Decide on what image you want to stamp.  A simple pattern will be easier to cut into the potato than an intricate one.  If making initials, make them block style, bold and backwards!  Save the complicated snowflake-type shapes for when you've mastered the easy stuff.
With the pencil, trace or draw your pattern free-hand on the cut side of the potato, or press a cookie cutter 1/4 inch into the flat white surface of the potato.
Cut away the area outside the stamp so that the stamp protrudes by at least ¼ inch.  I found it was best to cut away small sections at time, being careful not to let the knife slip under the actual stamp part, or it will fall off.
Squirt a small puddle of paint on the foil.  With a brush or cotton swab, paint the stamp portion of the potato, making sure the stamping surface only is evenly covered.  Wipe off any paint that slops over the edge.  You want a crisp outline. 
Test your stamp on a paper towel to see how much paint and pressure are required before you actually begin stamping your project.
To change colors using the same stamp design, wipe away any excess paint from the stamp and paint on a new color. For a faded design, just keep stamping without reloading any paint until the design is too light to see. 
Let the paint of an already stamped design dry before partially stamping over it with another color if that's the look you desire.  If you want the colors of the paints to blend, then quickly stamp the new color over the color used just before it.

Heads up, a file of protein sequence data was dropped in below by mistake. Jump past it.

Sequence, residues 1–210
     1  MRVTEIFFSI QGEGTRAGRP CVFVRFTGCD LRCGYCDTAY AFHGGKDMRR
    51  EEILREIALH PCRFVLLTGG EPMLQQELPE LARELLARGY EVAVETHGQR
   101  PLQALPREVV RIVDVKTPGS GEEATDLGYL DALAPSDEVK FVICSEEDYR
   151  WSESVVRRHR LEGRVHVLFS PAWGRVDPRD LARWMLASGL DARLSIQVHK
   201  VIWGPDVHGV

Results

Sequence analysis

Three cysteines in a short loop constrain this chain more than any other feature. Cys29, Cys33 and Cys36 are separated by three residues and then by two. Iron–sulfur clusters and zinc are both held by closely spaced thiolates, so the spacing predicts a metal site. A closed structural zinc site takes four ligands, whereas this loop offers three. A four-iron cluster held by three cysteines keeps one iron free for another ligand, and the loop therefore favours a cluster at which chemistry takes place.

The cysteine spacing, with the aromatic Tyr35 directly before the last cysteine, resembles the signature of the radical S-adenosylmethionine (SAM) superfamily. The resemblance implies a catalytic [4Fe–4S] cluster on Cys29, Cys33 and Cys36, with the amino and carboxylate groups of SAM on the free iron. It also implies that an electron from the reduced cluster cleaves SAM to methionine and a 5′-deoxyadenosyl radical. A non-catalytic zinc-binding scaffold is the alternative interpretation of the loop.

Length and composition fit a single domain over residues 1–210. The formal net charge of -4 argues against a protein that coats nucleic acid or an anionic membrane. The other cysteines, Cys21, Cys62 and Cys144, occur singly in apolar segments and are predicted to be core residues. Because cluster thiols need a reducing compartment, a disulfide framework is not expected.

Get creative.  Personalize items or decorate wrapping paper, book covers, picture frames, stationary, brown bags as gift bags and lunch bags.  Stamp gift tags, envelopes, refrigerator pictures, T shirts, paper and cloth napkins, tablecloths, doll clothes, pillow cases, etc.  If you can think of it, you can decorate it. 
Embellishments for T-shirts or fabric purses:
  • Sprinkle glitter on the paint while it's still wet so it will stick.
  • Glue tiny beads, buttons (sewn on fabric) or ribbon bows (safety pinned for removal for washing if necessary)
  • Outline the stamp with a marking pen or paint a boarder around each stamp pattern or random stamps on the object you're making so it will stand out. 
  • Spatter paint - Dip an old toothbrush in gold paint or any other color and run your finger along the bristles from tip back toward you, while pointing the toothbrush at the object you're decorating.  The paint will speckle the surface.  Practice first on a newspaper to test the technique and discover the coverage you want.
"Necklace" look - Repeatedly dip the flat new eraser of a pencil into paint and dab it onto a shirt in a draped pattern to resemble the beads of a necklace.  Make it a choker or a long necklace, whatever appeals to you.
If you cover your potato stamps in cold water in the refrigerator, they will keep for a day or two.

Enjoy! jmm

January 24, 2019

Another Southern Tradition - Another Lucy Moment

     The day before New Year's, I was in the grocery store on a quest. When I told the clerk, "Hi, I'm a Yankee looking for a can of those good luck beans they eat down here in the South.  You know, those green-eyed peas."  She looked at me strangely, saying nothing.  "Oh, so you must be a Yankee, too! Where are you from?"
     "Savannah," she replied, volunteering nothing more. 
     Hmm, maybe it's a religious thing for her and she doesn't believe eating food will bring